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Understand why TikTok and China ties compromised the app in the US

Two years after then-President Donald Trump said he would ban TikTok in the United States via an executive order, the short-form video platform is again under scrutiny in Washington.

And the underlying issue remains largely the same: TikTok’s ties to China through its parent company, Bytedance.

A growing number of US lawmakers are calling on the Biden administration to take action against TikTok, citing apparent national security and data privacy concerns.

The criticism comes from a Buzzfeed News report in June that said some US user data was repeatedly accessed from China.

The report cited leaked audio recordings of dozens of internal TikTok meetings, including one in which a TikTok employee allegedly said, “Everything is seen in China.”

In response to the report, TikTok previously said that it “consistently maintain that our engineers in locations outside the US, including China, can have access to US user data as needed under these strict controls.”

A TikTok executive testified before a Senate panel last year that he does not share information with the Chinese government and that a US security team decides who can access US user data from China.

The renewed pressure on TikTok comes as the platform’s influence continues to grow in the United States.

After Trump left office, the Biden administration revoked the executive order and largely backed off official attempts to ban TikTok.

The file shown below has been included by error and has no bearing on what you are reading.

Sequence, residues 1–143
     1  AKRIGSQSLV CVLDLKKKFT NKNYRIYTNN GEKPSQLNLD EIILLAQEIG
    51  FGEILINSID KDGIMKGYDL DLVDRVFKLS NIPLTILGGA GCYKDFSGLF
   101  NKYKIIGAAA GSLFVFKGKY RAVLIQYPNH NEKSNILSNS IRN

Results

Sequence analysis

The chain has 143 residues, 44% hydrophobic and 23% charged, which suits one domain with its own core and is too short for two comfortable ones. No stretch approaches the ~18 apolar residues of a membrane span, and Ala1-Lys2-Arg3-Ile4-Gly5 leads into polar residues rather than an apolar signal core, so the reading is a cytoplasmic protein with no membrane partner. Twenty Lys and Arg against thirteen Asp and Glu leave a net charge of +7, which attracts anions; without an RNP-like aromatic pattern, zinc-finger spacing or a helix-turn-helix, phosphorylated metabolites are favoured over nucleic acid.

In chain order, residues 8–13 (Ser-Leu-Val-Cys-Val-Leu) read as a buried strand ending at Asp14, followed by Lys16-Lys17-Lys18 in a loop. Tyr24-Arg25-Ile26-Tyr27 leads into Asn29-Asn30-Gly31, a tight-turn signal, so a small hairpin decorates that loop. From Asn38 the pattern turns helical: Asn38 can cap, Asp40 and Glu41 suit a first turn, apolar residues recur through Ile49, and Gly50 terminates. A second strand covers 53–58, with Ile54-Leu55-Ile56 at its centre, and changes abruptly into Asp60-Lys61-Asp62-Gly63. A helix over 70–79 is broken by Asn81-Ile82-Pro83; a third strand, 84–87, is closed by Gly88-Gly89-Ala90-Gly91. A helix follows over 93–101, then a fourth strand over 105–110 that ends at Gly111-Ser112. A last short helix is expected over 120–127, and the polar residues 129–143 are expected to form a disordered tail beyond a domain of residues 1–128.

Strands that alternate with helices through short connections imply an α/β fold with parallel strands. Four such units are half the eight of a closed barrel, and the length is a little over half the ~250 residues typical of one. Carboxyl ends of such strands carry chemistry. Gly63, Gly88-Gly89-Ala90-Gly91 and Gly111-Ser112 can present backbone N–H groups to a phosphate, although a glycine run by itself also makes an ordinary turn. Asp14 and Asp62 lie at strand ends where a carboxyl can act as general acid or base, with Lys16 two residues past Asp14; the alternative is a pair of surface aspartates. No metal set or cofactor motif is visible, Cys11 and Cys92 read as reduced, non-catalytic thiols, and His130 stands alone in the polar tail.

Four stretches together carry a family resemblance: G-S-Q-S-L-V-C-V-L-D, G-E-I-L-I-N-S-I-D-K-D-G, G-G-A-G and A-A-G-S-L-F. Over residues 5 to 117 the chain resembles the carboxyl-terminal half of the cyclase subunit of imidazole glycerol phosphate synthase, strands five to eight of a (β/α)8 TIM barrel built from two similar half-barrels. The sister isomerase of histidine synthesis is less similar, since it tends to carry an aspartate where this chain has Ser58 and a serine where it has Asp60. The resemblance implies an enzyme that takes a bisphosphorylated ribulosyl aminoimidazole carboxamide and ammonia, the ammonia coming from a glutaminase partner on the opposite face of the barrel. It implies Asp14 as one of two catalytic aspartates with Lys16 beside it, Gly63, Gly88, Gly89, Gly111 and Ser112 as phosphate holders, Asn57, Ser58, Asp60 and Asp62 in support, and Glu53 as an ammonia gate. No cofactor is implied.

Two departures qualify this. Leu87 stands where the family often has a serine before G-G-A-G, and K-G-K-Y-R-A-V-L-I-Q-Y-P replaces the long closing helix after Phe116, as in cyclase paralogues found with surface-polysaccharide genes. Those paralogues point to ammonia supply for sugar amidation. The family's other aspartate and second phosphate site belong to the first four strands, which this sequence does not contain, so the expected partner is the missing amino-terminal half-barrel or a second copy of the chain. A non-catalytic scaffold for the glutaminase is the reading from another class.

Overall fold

Last year, TikTok said it surpassed 1 billion monthly active users worldwide, and more than 100 million users are in the United States, according to some market research estimates.

In-app activity continues to shape the news cycle, popular music, culinary trends and more in the country.

Meanwhile, other US social media giants continue to imitate TikTok’s features in an effort to compete.

Some critics have previously criticized Trump’s crusade against the fast-growing video app as political theater rooted in xenophobia, and called Trump’s outlandish suggestion that the United States should get a “cut” from any deal if it forced the sale of the app. for an American company.

But the latest round of pressure from lawmakers on both sides of the aisle shows how the issue of national security continues to plague TikTok in the United States, even under a new government.

Several US lawmakers and officials have called in recent months for further investigations into TikTok’s data storage practices or even for the app to be pulled from US app stores.

A coalition of GOP senators led by Tom Cotton of Arkansas sent a letter in June to Treasury Secretary Janet Yellen, asking for answers on the actions the Biden administration is taking to combat “the national security and privacy risks posed by TikTok”.

A separate group of Republican senators led by Marsha Blackburn of Tennessee also sent a letter of questions to TikTok CEO Shou Zi Chew.

The senators said recent media reports “confirm what lawmakers have long suspected about TikTok and its parent company, ByteDance — they are using their access to a trove of US consumer data to keep tabs on Americans.”

Meanwhile, a bipartisan group of lawmakers from the Senate Intelligence Select Committee has urged the Federal Trade Commission to formally investigate TikTok and ByteDance.